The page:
20th and 21st century Latin American (including Brazil) and Iberian literature and film. Catalan literature and film. Media and cultural studies. Modernism(s). Avant-garde and neo-avant-garde poetry. Electronic literature and new media arts (digital poetry, hypertext, blog-narratives, locative fiction, cyberculture). Documentary and experimental film. The intersection between technology and disability studies. Word and Image relations. Luso-Hispanic transatlantic connections. Intersections between engineering and culture (science and technology studies),
This proposal seeks funding to support a program designed to provide junior scholars in archaeology with advanced training in geospatial technologies and their application to archaeological research. While geospatial technologies ranging from satellite remote sensing, to subsurface geophysical prospection, to three dimensional scanning and visualization have all become increasingly critical to modern archaeology, few practitioners have the necessary technical skills to integrate these technologies into research and teaching programs. Participants in this program will have the opportunity to spend an entire semester taking a series of intensive courses in geospatial technologies and make use of the hardware, software and instrumentation available at the University of Arkansas’s Center for Advanced Spatial Technologies on independent research projects. On-campus training will be followed up by participation in one of numerous archaeological field projects.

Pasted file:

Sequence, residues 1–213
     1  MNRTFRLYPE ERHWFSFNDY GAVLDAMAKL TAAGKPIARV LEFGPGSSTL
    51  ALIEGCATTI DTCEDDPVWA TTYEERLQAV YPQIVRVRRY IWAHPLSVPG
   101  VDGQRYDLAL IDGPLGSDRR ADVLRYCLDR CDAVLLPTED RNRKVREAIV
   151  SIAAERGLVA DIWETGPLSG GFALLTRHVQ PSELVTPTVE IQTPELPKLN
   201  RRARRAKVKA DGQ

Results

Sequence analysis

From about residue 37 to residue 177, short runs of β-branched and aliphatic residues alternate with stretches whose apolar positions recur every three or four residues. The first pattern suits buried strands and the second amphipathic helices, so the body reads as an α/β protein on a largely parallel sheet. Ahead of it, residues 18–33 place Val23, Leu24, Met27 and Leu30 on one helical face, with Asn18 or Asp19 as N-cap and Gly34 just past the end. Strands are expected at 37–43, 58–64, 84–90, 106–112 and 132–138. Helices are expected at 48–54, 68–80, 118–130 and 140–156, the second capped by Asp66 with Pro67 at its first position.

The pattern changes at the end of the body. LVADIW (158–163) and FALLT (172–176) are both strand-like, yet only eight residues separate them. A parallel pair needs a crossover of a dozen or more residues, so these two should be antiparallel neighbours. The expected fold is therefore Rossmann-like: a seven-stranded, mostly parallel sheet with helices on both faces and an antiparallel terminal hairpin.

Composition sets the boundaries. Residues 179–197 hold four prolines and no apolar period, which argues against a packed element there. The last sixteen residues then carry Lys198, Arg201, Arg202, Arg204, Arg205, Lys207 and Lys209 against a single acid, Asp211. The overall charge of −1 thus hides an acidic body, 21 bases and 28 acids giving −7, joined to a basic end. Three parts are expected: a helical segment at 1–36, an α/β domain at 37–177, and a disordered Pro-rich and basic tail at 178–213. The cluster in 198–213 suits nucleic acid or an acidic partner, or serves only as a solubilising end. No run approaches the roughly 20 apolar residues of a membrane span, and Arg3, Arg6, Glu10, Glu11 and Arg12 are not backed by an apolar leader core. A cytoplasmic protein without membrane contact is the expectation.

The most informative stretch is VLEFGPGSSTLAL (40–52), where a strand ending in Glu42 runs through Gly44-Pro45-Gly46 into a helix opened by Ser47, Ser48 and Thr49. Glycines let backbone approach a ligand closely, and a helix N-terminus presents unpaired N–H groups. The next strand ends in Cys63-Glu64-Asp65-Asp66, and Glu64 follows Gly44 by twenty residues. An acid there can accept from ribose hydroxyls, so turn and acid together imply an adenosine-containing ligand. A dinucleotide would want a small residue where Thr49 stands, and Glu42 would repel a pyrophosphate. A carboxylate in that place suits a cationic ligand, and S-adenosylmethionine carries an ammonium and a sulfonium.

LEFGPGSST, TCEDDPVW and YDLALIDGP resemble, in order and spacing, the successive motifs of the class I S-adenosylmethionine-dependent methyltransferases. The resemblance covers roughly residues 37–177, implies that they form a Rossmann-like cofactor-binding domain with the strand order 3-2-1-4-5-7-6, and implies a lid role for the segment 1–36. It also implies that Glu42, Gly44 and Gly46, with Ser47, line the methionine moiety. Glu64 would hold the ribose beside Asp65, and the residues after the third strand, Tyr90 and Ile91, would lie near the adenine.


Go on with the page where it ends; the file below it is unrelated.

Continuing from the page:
I am a researcher on the project Cultural Conflict 2.0 which is headed by Professor David Herbert. The project investigates the development of cultural conflicts, as well as production and reproduction of social order, via social media, collective rituals, city promotion and planning, etc. in different cities in Denmark, Norway and the Netherlands. My research interests are located at the intersection of modern social and technological history, historiography and theory of history, and secularity studies and political theology. As a historian of modernity, I am interested in the material technological/performative mediation of “modern” concepts of temporality, autonomy, and immanence. I have taught modules in the theory of history, religious studies, culture and communication, worldview pluralism, and philosophy of science. I have lectured on rhetoric, nineteenth-century British history, and theories of secularity and secularisation.
Abstract The study looks at Jewish ultra-Orthodox women who use modern technologies, for purposes that are illegitimate in their community. Subjects’ perceived impacts of the Internet on self and others are analyzed, demonstrating a “third-person effect” in regards to the perceived dangers originating from the Internet. The correlations and possible implications of the “third-person effect” are discussed.